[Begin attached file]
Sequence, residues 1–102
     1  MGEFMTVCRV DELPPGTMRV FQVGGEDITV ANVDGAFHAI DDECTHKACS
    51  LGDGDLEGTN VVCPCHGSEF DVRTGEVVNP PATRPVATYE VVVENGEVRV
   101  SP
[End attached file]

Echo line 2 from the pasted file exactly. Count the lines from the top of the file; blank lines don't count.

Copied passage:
     1  MGEFMTVCRV DELPPGTMRV FQVGGEDITV ANVDGAFHAI DDECTHKACS